Despite a cheery tone and a beautifully British sense of humour, John Madden's comedy sequel will have to settle for being second best.
A surprise critical and commercial hit upon its release in 2011, The Best Exotic Marigold Hotel came to represent the sort of feel-good entertainment that was largely lacking from Hollywood at the time. Now four years on, John Madden and the gang reunite for another lighthearted jaunt through the beauties of India, but even with a set-up this breezy and casual, can the curse of the inferior sequel ever really be lifted?
Picking up mere months from where its predecessor left off, The Second Best Exotic Marigold Hotel finds hopelessly ambitious Sonny (Dev Patel) back to his old tricks, darting across the globe with surrogate grandmother Muriel (Maggie Smith) en-tow, pitching expansion plans to big-name bosses. But when they return, Sonny soon finds his plans usurped by a visiting family-friend and former nemesis, bringing both his engagement and the livelihood of his newest friends at the hotel into question. On top of the current madness comes plenty of the expected side-plots also, from a tricky will they/won’t they romance between Evelyn (Judi Dench) and Douglas (Bill Nighy), to the appearance of the mysterious American stranger Guy (Richard Gere).
It seems only necessary to outline now that, in spite of the decidedly average star-rating listed above, John Madden’s film has very few noticeable flaws. As the jolly little comedy it spends the majority of its time being, it hits home rather sweetly, blending the dry British-wit of the first film with a welcome dose of well-calculated wisdom. Although some jokes never seem to quite reach their mark, the ones that do are beautifully timed and performed by the film’s aging cast, who never fail to raise a smile in even the darkest moments. Unfortunately, whereas this does provide something of a cheery tone to the majority of the proceedings, that’s about all it does.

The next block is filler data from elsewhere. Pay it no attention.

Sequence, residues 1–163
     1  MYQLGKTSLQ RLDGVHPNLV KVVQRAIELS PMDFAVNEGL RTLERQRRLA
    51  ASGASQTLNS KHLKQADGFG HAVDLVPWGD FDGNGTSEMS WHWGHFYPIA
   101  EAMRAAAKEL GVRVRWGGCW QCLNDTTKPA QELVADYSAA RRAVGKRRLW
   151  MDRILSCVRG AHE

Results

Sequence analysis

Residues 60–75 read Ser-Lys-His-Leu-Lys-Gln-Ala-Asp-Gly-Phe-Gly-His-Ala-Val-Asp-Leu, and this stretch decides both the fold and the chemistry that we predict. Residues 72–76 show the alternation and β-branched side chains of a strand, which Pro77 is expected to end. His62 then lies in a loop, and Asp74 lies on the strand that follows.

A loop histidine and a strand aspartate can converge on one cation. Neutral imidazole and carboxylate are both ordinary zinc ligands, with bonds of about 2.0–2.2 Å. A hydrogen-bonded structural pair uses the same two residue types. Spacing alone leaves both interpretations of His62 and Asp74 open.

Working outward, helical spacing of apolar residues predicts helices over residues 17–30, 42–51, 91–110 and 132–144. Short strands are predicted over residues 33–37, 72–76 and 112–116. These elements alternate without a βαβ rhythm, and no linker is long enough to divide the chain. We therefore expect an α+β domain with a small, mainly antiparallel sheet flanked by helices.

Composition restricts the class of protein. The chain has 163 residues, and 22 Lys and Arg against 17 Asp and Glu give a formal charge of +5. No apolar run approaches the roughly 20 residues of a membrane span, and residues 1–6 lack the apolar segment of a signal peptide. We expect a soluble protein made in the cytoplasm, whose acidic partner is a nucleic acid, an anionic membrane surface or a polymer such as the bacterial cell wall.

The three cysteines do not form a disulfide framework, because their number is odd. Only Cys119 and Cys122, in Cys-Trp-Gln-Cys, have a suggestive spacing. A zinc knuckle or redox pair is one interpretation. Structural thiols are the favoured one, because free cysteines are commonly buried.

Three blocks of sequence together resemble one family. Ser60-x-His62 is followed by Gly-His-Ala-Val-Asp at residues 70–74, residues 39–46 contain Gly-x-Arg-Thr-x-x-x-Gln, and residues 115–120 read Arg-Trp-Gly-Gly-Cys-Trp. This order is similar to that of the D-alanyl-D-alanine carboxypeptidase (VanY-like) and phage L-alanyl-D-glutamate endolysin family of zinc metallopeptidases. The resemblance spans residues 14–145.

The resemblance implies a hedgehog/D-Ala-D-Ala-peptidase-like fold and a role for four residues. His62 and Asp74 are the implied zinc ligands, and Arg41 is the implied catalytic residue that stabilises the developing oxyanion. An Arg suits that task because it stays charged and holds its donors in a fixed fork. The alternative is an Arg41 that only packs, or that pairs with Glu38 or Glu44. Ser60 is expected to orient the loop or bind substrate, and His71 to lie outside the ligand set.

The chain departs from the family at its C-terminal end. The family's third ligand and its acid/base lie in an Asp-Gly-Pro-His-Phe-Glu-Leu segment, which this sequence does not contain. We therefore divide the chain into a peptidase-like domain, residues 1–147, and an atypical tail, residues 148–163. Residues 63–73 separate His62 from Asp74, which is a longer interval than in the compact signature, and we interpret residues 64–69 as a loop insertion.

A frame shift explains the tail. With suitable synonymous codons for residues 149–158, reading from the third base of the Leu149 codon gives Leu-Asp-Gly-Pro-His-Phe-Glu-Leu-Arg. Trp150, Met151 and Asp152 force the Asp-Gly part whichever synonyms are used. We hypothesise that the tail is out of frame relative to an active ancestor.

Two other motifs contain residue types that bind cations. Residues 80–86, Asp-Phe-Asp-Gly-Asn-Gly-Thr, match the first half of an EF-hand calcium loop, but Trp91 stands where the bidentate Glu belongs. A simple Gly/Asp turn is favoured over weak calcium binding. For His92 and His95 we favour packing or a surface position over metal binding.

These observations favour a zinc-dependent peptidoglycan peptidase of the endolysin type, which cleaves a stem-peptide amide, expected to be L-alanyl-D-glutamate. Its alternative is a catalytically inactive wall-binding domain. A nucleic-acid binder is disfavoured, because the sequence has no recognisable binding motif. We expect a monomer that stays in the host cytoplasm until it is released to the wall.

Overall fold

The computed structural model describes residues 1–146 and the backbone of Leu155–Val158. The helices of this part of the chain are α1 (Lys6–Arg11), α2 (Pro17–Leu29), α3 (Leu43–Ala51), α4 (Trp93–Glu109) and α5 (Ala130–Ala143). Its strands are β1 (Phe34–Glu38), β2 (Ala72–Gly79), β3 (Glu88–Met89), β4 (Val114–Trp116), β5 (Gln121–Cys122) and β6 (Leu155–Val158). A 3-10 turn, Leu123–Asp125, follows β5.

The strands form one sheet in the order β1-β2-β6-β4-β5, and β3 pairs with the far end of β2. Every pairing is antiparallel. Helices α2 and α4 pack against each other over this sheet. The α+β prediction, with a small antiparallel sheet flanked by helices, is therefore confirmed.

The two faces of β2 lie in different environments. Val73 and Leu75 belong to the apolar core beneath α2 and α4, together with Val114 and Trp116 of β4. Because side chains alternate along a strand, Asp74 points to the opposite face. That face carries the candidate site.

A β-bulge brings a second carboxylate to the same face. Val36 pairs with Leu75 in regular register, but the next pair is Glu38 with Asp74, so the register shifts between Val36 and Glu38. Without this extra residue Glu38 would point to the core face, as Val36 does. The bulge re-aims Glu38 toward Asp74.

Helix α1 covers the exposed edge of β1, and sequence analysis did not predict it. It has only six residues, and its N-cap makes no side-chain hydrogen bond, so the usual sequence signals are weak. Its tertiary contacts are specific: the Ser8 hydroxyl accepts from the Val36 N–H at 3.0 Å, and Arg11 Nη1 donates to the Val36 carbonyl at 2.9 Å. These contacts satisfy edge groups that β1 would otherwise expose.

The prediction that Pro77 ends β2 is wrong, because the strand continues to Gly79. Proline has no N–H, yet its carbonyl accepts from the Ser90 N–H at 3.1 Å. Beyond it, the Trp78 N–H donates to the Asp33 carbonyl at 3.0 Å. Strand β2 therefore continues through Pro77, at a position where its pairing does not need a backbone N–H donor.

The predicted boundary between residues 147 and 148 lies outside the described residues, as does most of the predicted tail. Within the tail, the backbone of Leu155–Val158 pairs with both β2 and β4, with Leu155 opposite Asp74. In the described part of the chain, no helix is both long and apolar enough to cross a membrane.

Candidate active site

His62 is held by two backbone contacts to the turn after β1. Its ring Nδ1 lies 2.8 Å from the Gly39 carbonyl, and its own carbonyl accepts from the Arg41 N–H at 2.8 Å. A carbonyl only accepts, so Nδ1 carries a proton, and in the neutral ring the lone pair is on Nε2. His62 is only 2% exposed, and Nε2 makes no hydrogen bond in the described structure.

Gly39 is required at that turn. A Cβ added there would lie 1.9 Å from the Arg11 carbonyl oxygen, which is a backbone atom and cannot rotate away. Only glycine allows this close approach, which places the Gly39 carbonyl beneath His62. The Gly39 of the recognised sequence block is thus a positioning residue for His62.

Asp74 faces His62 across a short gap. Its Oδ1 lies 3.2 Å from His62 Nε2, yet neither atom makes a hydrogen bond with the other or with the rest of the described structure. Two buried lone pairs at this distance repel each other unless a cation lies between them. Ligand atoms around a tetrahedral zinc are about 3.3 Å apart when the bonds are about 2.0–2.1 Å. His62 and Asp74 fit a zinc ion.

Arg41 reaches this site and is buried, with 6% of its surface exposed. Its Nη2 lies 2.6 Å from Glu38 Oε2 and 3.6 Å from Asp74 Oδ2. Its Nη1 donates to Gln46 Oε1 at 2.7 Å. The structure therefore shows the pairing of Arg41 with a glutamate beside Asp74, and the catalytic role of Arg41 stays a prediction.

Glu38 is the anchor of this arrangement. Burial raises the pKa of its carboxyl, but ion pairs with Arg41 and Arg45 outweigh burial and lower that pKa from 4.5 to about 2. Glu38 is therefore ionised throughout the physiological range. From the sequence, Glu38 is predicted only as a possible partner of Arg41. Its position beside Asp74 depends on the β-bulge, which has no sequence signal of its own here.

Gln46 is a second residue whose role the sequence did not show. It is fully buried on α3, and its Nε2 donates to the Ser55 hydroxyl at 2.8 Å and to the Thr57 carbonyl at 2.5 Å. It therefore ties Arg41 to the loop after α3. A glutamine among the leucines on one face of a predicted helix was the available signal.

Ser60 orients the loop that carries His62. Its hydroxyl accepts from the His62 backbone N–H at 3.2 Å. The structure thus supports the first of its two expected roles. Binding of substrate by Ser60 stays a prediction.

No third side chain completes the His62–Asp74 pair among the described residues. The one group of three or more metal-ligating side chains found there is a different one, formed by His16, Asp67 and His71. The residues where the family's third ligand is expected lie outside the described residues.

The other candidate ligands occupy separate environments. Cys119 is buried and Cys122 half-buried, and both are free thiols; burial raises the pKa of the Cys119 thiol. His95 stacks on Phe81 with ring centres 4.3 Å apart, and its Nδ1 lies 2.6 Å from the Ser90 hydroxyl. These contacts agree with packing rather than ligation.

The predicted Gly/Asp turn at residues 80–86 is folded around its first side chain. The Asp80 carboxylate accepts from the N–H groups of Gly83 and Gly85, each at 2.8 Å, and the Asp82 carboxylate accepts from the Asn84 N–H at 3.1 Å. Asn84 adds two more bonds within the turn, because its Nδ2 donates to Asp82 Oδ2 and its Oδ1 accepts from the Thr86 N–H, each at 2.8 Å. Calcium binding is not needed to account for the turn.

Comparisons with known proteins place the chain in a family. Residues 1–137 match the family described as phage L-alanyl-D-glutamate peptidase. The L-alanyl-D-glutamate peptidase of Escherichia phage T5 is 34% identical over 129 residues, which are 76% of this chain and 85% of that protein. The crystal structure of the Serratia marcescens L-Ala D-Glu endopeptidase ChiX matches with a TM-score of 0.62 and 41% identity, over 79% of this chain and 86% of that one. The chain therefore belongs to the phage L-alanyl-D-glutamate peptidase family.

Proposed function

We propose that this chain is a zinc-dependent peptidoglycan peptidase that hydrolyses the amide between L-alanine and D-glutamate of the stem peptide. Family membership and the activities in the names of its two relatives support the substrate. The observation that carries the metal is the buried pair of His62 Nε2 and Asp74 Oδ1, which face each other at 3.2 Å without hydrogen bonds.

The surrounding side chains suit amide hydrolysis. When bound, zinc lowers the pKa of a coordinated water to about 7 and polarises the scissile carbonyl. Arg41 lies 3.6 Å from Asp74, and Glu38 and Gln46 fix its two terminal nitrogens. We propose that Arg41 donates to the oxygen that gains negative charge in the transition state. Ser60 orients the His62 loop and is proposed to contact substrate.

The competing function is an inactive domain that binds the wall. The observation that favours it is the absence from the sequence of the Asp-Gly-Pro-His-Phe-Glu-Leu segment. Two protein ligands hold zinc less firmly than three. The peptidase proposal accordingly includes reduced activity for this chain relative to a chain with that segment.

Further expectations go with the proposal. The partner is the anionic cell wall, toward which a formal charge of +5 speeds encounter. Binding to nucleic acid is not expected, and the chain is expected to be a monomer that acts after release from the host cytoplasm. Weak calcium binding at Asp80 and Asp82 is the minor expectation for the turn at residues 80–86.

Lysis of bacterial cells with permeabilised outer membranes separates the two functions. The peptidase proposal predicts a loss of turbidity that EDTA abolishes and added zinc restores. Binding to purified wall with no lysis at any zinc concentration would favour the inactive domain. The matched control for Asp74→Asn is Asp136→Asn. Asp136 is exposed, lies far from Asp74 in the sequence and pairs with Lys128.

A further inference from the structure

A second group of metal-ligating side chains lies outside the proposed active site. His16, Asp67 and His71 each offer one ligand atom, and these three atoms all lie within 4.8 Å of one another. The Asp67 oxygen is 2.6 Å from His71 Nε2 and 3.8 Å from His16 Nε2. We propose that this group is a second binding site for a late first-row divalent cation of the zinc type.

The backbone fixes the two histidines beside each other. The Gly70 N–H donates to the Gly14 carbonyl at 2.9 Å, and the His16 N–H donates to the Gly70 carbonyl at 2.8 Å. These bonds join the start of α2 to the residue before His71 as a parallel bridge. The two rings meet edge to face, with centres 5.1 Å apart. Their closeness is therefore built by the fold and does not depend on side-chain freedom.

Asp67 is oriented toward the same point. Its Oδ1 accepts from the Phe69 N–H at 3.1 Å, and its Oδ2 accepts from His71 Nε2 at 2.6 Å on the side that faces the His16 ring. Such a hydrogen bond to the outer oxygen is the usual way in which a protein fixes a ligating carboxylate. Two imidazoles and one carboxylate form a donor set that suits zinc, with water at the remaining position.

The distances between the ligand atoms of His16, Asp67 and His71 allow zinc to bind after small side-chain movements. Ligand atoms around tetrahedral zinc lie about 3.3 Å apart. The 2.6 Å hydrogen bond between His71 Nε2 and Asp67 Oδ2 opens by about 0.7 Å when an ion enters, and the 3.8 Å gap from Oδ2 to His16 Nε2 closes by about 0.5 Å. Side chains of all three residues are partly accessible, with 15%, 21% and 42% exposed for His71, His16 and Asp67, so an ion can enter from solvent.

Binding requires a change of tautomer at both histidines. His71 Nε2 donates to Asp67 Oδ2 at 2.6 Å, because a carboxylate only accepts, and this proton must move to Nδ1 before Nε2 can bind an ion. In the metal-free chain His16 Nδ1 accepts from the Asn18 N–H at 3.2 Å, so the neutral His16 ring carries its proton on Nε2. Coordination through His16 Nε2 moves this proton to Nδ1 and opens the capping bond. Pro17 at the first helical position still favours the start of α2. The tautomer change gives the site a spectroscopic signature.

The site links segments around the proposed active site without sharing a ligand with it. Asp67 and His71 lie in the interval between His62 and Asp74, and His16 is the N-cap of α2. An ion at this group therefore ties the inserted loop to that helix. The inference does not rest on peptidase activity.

As the number of jokes begins to subside in favour of a more heartfelt conclusion, the wandering nature of the film’s somewhat shaky plot drifts to the forefront. Put basically, aside from the central caper and a few short story-strands left over from the first film, not an awful lot really happens here. Sonny’s ambition drives him into sticky situations, the wealth of retirees crack wise about their supposably impending demise and, well, that’s about it. This isn’t to say that these individual parts themselves don’t work well, it’s just that there simply aren’t enough of them to make for a particularly enrapturing watch.
In terms of comedy sequels, The Second Best Exotic Marigold Hotel can in no way be seen as a failure – or anything less than an entertaining little jaunt, for that matter. Although it never quite manages to build on the success of its predecessor in a particularly inventive way, John Madden’s film remains solidly amusing and with its eclectic, well-formed cast all proving good company, fans of the series will likely not be disappointed by this new effort.
The Second Best Exotic Marigold Hotel (2015), directed by John Madden, is released by 20th Century Fox, Certificate PG.